Olga Voronina (Director)
Assistant Professor of Russian
B.A., M.A., Herzen University, St. Petersburg, Russia; Ph.D., Harvard University. Research topics include ideological paradigms of Soviet political, media, and literary discourse of the Cold War; relationship between rhetoric of power and language of literature in totalitarian societies; Soviet and post-Soviet children’s literature; visual poetics of Vladimir Nabokov; Poem Without a Hero by Anna Akhmatova. Translator, editor, with Brian Boyd, Letters to Vera: Vladimir Nabokov's Correspondence with His Wife, 1923–1976 (Knopf/Penguin, 2013). Director, Information Resource Center, U.S. Consulate General, St. Petersburg, Russia (2001–04); deputy director, St. Petersburg Nabokov Museum (1998–2001). At Bard since 2010.
Vice President for Academic Affairs; Director, Center for Civic Engagement; Associate Professor of Political Studies
B.A., McGill University; D. Phil., St. Antony’s College, Oxford University. Specialization in Soviet, Russian, and Eastern European politics; media and politics. Taught at Central European University, University of Kiev Mohyla Academy, Wesleyan University, Yale University. Author of Soviet and Russian Press Coverage of the United States: Press, Politics and Identity in Transition (1999; new edition, 2002). Articles in European Journal of Communication, Journalism and Mass Communications Quarterly, Slovo, among others. Director, Global and International Studies Program; Academic Director, Bard Program on Globalization and International Affairs. (2001– )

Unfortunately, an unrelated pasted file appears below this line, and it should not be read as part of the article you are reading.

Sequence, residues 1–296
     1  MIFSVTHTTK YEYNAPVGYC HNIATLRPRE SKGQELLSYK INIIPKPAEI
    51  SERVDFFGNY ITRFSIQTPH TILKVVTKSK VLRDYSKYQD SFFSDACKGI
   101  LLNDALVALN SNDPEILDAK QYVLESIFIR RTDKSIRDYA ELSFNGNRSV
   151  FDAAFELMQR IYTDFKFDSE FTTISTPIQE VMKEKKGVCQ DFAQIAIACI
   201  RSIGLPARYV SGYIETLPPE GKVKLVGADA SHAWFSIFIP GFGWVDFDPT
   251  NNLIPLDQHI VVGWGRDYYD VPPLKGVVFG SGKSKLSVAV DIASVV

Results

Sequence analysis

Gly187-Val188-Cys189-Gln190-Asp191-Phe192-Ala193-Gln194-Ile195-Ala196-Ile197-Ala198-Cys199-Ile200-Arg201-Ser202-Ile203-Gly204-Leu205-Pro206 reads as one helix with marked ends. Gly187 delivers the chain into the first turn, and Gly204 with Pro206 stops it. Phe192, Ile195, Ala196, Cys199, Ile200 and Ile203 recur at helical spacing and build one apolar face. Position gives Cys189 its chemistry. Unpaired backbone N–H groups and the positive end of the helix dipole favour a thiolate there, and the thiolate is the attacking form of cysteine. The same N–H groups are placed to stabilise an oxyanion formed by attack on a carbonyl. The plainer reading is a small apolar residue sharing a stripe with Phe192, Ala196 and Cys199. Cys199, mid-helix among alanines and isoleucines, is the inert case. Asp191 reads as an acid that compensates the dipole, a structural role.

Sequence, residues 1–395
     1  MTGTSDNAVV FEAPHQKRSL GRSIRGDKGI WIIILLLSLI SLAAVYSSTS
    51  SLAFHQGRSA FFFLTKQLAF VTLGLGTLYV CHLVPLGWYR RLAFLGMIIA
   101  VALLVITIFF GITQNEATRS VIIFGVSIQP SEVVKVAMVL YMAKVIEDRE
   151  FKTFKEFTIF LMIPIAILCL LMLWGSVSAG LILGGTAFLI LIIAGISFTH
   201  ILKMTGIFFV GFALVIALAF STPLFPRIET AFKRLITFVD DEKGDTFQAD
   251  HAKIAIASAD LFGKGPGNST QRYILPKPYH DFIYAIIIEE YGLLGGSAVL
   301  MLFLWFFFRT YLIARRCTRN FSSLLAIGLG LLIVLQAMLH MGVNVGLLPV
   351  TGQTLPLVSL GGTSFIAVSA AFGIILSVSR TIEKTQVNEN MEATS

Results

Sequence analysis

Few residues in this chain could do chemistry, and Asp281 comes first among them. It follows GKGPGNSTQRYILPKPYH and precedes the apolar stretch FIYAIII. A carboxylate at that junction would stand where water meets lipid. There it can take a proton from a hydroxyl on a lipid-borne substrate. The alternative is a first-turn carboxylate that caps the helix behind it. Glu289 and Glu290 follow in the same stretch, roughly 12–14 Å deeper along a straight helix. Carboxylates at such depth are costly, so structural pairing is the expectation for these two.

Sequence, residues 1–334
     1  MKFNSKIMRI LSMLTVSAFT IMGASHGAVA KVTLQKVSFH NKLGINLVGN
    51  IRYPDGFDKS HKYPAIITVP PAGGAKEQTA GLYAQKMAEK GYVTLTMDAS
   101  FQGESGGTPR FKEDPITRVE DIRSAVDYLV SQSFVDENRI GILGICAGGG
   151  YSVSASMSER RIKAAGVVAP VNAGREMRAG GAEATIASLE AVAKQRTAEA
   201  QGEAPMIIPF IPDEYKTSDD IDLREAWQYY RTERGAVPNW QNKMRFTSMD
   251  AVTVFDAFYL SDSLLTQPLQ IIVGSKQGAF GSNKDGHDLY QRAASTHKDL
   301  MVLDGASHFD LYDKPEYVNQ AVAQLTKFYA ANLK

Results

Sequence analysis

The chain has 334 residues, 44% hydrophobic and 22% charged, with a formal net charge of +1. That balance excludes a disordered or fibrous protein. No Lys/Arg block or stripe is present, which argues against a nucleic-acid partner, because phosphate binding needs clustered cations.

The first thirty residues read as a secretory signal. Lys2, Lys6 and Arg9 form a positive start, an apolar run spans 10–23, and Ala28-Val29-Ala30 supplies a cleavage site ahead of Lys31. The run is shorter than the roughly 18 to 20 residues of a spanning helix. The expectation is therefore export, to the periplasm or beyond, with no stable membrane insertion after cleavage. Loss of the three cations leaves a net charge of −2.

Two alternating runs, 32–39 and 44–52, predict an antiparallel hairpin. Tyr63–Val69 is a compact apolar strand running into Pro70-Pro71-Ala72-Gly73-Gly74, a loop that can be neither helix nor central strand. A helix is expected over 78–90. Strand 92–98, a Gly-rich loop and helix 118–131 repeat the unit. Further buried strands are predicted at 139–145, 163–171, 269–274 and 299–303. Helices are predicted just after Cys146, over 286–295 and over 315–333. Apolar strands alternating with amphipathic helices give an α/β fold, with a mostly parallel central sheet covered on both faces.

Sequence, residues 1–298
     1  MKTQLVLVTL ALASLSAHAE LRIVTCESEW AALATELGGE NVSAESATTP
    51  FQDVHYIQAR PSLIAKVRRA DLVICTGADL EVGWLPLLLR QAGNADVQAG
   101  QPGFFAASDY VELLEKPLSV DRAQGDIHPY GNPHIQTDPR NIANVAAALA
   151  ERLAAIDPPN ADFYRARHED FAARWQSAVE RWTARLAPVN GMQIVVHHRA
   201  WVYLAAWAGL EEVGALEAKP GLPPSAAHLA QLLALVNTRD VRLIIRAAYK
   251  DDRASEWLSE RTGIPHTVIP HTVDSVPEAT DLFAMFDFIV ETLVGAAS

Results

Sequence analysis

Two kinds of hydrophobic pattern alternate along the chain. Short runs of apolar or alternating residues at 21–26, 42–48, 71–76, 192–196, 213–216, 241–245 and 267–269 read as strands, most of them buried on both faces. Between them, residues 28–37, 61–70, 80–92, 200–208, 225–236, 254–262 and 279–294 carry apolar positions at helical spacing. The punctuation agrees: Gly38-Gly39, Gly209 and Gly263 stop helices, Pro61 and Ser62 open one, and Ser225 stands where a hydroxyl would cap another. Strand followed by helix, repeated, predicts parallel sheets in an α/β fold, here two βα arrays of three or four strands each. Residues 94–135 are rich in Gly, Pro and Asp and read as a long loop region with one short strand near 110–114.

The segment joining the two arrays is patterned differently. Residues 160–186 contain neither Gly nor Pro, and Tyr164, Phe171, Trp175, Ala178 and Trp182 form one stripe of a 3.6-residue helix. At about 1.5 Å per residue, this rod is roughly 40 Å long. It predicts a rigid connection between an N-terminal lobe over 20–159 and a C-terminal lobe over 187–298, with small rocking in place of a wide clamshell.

Jonathan P Brent